Section 234F Late fee for filing ITR-When statistics overrules the mathematics. No surprise if some relaxation is given to the salaried class.
Hurrah ! Extension of ITR filing due date of 31st July 2018 to 31st August 2018 by CBDT. The applicability of late fee u/s 234F also gets extended automatically Click Here for more details >>
By now perhaps everybody knows that filing return of income (ITR) after the prescribed due date shall attract a late fee under newly inserted section 234F of the Income Tax Act, 1961.
The quantum of the late fee is Rs. 5000/- if the return is furnished on or before 31st December of the assessment year and Rs. 10000/- if return is filed after 31st December. However the late fee is restricted to Rs. 1000/- if the total income (taxable income) is not more than 5 lakhs.
The earliest prescribed due date is 31st July for all except for companies and cases covered under audit. Majority of the tax payers who are required to file their ITR on or before the dead line of 31st July, 2018 are salaried employees. Form 16 which is TDS certificate from employer, is a quintessence before a salaried employer can file his/her returns of income and 15th June is the prescribed date by when an employer is obliged to handover the said Form 16 to the employee.
So, going by the mathematics, an employee has 45 days window to file his/her ITR. Everything seems perfectly worked out by the Taxman. However, the problem here is that the statistics overrules the mathematics here.
The truth is that the said Form 16 reaches the hand of the employees much after the prescribed date of 15th June and most of the employee gets it in the first week of July only. The delay is even worse in the government departments.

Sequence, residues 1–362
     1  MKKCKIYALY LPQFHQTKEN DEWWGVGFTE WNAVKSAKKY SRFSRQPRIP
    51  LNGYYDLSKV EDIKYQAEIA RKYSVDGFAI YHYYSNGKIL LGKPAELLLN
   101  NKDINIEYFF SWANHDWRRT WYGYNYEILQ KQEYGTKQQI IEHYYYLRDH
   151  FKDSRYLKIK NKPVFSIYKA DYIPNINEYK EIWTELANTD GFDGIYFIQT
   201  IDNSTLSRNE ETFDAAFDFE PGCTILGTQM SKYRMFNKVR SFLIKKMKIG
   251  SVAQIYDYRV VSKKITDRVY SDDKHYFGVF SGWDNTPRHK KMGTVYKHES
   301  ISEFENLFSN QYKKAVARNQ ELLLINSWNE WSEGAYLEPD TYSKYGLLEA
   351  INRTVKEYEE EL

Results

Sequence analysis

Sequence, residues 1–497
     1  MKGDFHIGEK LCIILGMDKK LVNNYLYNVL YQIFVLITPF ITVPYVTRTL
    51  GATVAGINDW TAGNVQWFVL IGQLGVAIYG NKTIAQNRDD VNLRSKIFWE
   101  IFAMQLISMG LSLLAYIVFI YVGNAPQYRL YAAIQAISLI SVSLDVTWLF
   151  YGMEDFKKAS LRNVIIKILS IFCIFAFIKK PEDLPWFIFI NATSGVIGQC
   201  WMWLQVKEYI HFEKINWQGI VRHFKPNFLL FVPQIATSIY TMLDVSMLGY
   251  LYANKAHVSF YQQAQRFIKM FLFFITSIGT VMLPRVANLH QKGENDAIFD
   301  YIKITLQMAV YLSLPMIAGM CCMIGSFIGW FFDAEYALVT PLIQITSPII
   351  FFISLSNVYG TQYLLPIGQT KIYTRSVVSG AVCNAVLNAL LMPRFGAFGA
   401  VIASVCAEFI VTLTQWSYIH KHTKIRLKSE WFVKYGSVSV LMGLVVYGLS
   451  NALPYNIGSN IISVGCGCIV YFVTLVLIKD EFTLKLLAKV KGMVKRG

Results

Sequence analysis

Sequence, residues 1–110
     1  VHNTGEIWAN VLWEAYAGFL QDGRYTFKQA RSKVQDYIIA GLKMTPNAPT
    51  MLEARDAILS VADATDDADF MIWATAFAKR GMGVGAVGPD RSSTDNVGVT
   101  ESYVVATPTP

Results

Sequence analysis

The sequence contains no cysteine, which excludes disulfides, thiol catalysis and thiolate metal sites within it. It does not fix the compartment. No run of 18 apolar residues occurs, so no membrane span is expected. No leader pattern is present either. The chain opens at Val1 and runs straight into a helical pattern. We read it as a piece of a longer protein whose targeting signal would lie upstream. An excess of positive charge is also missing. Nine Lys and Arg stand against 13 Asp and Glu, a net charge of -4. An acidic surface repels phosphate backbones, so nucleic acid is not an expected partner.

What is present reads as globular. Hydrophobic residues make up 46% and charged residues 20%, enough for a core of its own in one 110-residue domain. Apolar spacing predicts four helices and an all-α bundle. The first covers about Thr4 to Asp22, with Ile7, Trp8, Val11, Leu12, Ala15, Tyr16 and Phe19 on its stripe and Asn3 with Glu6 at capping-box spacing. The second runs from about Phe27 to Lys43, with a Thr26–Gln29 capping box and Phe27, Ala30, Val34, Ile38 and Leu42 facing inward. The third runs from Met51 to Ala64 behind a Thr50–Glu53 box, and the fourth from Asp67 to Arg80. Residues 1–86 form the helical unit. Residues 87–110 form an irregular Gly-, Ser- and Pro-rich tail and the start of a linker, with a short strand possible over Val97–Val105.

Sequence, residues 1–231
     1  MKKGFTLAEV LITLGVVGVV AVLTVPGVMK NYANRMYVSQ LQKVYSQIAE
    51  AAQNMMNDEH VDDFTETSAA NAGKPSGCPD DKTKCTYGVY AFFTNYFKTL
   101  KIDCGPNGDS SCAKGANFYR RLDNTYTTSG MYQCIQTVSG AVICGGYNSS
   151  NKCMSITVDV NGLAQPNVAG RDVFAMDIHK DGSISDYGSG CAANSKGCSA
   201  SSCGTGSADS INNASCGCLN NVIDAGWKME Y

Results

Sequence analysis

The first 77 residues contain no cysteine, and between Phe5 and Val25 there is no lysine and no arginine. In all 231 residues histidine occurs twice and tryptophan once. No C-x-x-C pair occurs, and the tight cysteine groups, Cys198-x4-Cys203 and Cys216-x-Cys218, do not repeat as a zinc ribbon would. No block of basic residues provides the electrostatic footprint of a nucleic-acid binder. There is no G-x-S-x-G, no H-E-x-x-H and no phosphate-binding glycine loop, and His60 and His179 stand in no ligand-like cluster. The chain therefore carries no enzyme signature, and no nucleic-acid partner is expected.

Secondly, the real problem begins for an employee who discovers that the salary or the tax deducted has not been correctly reflected in his/her Form 16. The taxpayer find himself trapped in a double whammy, one the one end is the Taxman (the devil) with his fork asking to file return within due date or else pay late fee and on the other hand is the devil again requiring filing of return only after matching it with 26AS Statement, else face penalty for furnishing inaccurate particulars. This is in addition to any delay/errors in other TDS certificates (Form 16A) for Tax deducted on interest etc.
Thus the effective window available to salaried classes is much narrow than it appears to the Law makers. I said that here statistics overrules the mathematics because, this is a classic example when those entrusted with the responsibility of giving good governance never care to see the ground realities and set things right before burdening the taxpayers with unreasonable fines.
Should section 234F which seek to impose late fee for filing income tax return after prescribed due date be deferred at least for the due date of 31st July 2018? Read more at https://t.co/JU2eA5dkSt
— ABCAUS (@abcaus) July 8, 2018
It is notable that the late fee under section 234F is mandatory and is not a penalty that would require a show cause notice, where assessee can show a reasonable cause for not filing the return within the prescribed due date. Neither the order of late fee would be appealable as held for similar section 234E regarding late fee for default in furnishing TDS return.
Perhaps, the due date of 31st July for the salaried employees needs to be revisited to explore the possibility of adding few more days to it. Since hundred per cent tax on salary is deducted at source, there would be no major loss to the Revenue either.
Extension or Deferment of Provisions of Section 234F
No one should be surprised if some relaxation is given in the late fee u/s 234F by extension of the applicability of the section or in some form for the deadline July 2018, After all, 2018 is expected to be an election year and no wise Government would want to take the wrath of salaried employees who forms a large part of middle class vote bank.